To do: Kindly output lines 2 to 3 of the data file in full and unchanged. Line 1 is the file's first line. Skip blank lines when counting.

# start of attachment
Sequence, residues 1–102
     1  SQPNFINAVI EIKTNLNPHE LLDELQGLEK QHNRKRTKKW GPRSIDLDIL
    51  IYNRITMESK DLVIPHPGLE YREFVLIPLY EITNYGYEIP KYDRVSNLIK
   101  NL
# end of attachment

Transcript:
     1  SQPNFINAVI EIKTNLNPHE LLDELQGLEK QHNRKRTKKW GPRSIDLDIL
    51  IYNRITMESK DLVIPHPGLE YREFVLIPLY EITNYGYEIP KYDRVSNLIK